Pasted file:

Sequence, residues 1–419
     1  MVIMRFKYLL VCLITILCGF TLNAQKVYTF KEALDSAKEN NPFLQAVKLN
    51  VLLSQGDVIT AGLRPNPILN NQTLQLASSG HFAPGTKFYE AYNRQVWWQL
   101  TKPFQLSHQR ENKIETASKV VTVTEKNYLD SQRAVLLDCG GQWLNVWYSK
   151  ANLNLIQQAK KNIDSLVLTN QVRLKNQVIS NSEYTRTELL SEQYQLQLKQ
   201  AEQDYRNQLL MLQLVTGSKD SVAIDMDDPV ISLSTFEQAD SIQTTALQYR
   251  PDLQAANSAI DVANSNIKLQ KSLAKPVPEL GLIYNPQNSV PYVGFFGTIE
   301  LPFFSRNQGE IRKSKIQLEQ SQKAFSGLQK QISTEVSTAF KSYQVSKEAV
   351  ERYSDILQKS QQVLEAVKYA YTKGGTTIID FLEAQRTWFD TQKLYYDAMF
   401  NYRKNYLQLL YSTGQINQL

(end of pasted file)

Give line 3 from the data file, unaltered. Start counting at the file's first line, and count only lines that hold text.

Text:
    51  VLLSQGDVIT AGLRPNPILN NQTLQLASSG HFAPGTKFYE AYNRQVWWQL